How can I include the contents of a register when recording a macro?

If I use Ctrl+R x I get a "pointer" to register x, i.e., my macro will contain ^Rx instead of the register contents.


Often I need to record a macro which involves a substitution using a complex regex:

  1. create the regex with the aid of incremental search ('incsearch'), and using highlight search results ('hlsearch') to ensure that I'm matching the correct text
  2. create the substitution command with s/<c-r>//<replacement>, so I end up with s/<complete regex>/<replacement>
  3. start recording a macro, do some stuff, repeat the substitution with :upENTER (or @:or :Ctrl+r:ENTER), add the end steps and stop recording the macro.

The problem with this approach is that the macro stops working as soon as I use another ex command.

I could copy the : to another register and use it on the macro, but then it is necessary to keep avoiding to overwrite that register.

Currently I'm copying the substitution command on a split window an re-typing it, but certainly there must be a less cumbersome solution.

1 Answer 1


Edit: Better answer -

After you search you can do a :let @z = @/. This will copy your complex regex into register z. You can now freely use <C-r>z in your macro without having to retype the regex into your document.

I also realize that you said you didn't want to have worry about overwriting a register. Fun fact: the registers you use for macros are actually the same registers that you can yank to. So you could:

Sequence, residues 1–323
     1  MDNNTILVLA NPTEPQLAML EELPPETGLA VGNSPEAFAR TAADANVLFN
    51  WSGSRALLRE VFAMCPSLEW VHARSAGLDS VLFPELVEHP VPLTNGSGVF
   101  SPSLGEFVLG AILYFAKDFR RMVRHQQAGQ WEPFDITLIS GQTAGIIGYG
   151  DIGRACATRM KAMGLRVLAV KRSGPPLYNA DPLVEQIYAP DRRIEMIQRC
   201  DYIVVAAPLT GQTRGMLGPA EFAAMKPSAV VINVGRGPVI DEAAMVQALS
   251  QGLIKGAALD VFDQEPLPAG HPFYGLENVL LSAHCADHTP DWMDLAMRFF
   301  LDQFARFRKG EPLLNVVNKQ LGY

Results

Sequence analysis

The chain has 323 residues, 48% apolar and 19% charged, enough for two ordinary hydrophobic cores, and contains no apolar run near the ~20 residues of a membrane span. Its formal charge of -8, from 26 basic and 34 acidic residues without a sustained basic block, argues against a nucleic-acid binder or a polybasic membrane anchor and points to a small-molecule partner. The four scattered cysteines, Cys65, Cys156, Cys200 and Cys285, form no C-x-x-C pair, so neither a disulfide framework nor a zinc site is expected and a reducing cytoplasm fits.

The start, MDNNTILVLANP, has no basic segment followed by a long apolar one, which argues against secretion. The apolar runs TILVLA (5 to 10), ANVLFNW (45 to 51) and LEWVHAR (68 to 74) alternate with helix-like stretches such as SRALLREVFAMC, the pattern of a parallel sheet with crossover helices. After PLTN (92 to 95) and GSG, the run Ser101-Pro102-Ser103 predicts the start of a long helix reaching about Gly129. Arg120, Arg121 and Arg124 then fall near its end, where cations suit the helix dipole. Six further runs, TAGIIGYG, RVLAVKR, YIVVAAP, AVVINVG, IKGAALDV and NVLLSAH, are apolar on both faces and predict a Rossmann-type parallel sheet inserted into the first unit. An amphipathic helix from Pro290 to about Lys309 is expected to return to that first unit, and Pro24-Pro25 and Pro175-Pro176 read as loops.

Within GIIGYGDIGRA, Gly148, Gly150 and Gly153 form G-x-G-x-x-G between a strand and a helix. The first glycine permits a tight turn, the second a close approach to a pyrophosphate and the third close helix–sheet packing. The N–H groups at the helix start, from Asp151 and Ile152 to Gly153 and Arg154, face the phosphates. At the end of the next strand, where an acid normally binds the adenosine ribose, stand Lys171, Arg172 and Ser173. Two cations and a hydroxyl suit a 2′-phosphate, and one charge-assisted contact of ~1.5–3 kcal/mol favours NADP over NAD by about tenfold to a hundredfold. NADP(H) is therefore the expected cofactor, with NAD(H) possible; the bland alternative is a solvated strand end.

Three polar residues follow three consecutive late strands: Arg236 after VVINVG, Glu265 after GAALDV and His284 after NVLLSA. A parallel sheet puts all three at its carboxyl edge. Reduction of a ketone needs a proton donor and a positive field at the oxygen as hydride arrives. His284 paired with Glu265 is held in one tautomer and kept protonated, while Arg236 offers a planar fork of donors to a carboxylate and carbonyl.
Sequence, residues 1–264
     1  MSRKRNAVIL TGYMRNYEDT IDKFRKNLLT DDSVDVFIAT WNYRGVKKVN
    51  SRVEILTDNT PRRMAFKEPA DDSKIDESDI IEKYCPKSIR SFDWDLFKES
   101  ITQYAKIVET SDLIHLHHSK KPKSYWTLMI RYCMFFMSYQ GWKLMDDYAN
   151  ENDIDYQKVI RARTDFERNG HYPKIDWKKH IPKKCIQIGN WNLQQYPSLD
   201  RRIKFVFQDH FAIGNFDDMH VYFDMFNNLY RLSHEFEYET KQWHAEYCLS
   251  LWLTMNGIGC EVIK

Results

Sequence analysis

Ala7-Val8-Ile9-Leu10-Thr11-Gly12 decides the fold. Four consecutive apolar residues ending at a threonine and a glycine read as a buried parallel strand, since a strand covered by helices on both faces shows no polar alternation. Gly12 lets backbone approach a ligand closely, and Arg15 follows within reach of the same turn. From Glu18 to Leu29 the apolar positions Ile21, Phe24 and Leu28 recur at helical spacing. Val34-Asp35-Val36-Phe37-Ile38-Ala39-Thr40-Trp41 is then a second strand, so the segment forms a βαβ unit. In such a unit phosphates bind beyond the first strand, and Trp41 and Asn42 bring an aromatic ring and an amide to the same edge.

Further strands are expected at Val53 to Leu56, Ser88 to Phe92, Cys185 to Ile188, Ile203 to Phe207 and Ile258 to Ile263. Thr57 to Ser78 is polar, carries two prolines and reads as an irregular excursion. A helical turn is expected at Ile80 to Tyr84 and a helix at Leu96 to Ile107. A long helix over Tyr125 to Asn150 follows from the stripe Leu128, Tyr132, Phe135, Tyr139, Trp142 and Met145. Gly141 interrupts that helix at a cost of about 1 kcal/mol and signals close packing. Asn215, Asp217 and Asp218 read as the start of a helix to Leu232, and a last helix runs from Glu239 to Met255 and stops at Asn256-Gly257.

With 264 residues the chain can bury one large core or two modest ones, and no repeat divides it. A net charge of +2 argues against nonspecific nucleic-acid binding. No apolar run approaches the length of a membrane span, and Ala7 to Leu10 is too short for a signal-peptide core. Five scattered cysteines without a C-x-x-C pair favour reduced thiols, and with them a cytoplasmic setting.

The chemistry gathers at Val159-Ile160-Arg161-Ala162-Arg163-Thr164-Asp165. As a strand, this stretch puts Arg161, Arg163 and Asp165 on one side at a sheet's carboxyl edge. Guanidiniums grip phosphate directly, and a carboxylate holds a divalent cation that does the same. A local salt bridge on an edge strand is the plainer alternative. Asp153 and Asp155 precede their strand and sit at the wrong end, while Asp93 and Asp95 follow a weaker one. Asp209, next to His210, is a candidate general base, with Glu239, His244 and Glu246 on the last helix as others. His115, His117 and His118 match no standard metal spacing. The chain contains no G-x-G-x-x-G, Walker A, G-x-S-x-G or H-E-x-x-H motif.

• Record your macro, say to register q, using <C-r>/ to input your search pattern
  • Do "qp to see your macro written out
  • Delete the resulting ^R/ and replace it with the actual text from your search pattern. (Again using <C-r>/ to avoid typing it.)
  • Do a "qdd to then copy the new macro back to register q
  • Use @q as needed

Now at least you're only using one register to store the macro, and you don't have to actually reference any other ones.

Old answer:

Is there anything wrong with writing out <complexregex>, yanking it to a register that you don't use very often (Let's say z), and then using <C-r>z in your macro?


  • Type out regex
  • Visually select
  • Delete to register z: "zd
  • Record macro, something like: qq:s/<C-r>z/foo/^Mq
  • Use macro as needed: @q
  • The problem with copying the substitute command or the regex on another register is (as noted on the question) the need to avoid using that register again. If I record a macro and use the z register as auxiliary, and them start recording another macro, I have to remember to check if the previously recorded macro used some auxiliary register. This get out of hand if you need to record a third or fourth macro, thus it is still better to retype the command.
    – mMontu
    Jun 9, 2016 at 21:47
  • @mMontu Yes, I saw that after I posted. Sorry I'll try to read more thoroughly in the future. I've updated my answer with a possible workaround.
    – Tumbler41
    Jun 9, 2016 at 21:59
  • You can always store the pattern in a variable, e.g. :let search=@/, and insert that into your macro with ^R=search<CR>.
    – Antony
    Jun 9, 2016 at 22:01
  • @Antony @Tumbler41 Thanks for the ideas! Both are better than retyping. But I still believe there is something more direct (such as improved ^R<register> which inserts the register contents) or an improved workflow. This task seems to be common enough to have an easier solution.
    – mMontu
    Jun 9, 2016 at 22:29
  • Well, I wouldn't class this solution as difficult: you're just giving the search register an alternative name, and referring to that in the macro. You can create mappings for saving and inserting the search pattern if that helps.
    – Antony
    Jun 9, 2016 at 23:14

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